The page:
New Noble Laureate Mo Yan’s books are no doubt enjoying a sudden spurt in popularity and sales but a new decision by the government will ensure that his work is now read compulsorily by millions of young Chinese; a short novel he wrote 27 years ago has been included as a text book for nearly 25 million high school students as part of their syllabus.
The Language of Culture Press, affiliated to the Ministry of Education, has announced Mo’s short novel, A Transparent Carrot, written in 1985, has been included in the syllabus for senior students who decide to take specific Chinese courses, state media said.
By its decision, the press, which publishes textbooks and teaching material for schools, places the new Nobel winner in the same league as Lao She, Lu Xun and a number of Chinese and foreign writers whose works appear in the textbooks read by high school students across China. .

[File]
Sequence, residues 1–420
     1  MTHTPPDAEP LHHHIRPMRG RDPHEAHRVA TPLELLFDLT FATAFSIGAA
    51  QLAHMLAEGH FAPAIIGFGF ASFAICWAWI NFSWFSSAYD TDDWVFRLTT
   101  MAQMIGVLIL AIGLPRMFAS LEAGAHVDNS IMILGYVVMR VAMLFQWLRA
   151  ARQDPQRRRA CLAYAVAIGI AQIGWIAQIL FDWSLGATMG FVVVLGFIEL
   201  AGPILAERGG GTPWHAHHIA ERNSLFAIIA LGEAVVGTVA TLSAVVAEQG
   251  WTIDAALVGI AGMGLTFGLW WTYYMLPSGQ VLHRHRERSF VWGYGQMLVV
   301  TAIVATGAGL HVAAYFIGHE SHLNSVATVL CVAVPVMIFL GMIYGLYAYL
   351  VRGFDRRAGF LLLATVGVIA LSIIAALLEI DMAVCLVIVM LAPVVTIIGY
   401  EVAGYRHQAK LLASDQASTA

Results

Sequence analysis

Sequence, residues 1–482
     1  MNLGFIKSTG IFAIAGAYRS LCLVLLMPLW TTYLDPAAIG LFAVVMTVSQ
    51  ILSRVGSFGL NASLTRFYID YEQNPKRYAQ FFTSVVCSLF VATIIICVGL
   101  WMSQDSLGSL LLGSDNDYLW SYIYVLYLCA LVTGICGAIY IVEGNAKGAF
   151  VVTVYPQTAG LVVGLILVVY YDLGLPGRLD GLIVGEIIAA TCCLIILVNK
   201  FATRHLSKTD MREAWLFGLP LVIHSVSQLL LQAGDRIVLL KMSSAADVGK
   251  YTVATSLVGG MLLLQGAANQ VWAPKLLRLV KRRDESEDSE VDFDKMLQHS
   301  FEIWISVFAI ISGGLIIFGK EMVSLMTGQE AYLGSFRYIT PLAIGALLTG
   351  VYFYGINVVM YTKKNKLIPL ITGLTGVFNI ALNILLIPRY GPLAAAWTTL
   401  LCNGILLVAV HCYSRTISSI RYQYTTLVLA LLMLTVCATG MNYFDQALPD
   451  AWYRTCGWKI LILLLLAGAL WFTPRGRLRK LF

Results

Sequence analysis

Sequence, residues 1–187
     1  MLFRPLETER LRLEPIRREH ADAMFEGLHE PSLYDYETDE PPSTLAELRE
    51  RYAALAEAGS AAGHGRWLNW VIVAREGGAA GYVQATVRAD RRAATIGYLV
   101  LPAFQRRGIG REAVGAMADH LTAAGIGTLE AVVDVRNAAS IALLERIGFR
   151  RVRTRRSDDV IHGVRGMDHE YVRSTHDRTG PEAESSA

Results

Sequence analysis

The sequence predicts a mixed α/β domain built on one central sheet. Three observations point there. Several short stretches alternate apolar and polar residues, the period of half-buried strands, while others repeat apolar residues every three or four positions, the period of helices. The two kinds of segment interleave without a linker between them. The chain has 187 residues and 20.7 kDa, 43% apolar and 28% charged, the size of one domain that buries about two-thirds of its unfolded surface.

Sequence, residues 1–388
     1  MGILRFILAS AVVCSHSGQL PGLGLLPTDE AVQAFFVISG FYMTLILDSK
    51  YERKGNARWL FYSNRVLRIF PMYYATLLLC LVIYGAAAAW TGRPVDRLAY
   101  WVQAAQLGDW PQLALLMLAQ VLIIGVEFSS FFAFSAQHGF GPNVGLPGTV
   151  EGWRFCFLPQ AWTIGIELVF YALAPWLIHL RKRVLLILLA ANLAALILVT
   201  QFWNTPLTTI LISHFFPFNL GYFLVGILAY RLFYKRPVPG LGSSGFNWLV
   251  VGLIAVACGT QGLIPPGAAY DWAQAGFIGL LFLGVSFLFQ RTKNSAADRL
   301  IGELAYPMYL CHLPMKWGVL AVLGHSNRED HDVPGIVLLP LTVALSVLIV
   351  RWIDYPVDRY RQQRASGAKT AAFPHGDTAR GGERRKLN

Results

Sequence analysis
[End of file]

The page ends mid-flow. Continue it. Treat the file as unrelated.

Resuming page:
A Transparent Carrot, published in 1985, like some of his other novels, depicts the lives and inner worlds of ordinary Chinese people in the countryside. The novella, which contains stylistic features that would eventually become characteristic of Mo's writing, quickly gained renown for its sharp descriptions that verge on the fantastical.
Zhang Xiafang, a staff member of the high school educational research group of the Press, said the Nobel Prize certainly helped editors to decide to pick Mo's work for inclusion in the textbook.
“The prize is a really big deal in Chinese literary circles,” Zhang was quoted as saying by Beijing Times. “This is a historic event. So letting our students know about his work is necessary.”
But not everybody has welcomed the decision. Their argument: why is Mo’s work only being included after he won the Noble?
“Mo's novella was published many, many years ago,” Xiong Bingqi, deputy director of the 21st Century Education Research Institute, a non-governmental research organization, was quoted as saying by the China Daily. "Why are these editors putting his work into textbooks only after he received the Nobel Prize?
"The Nobel Prize should not be the only criterion used to measure the educational value of teaching materials, but this seems to be how things are done now.”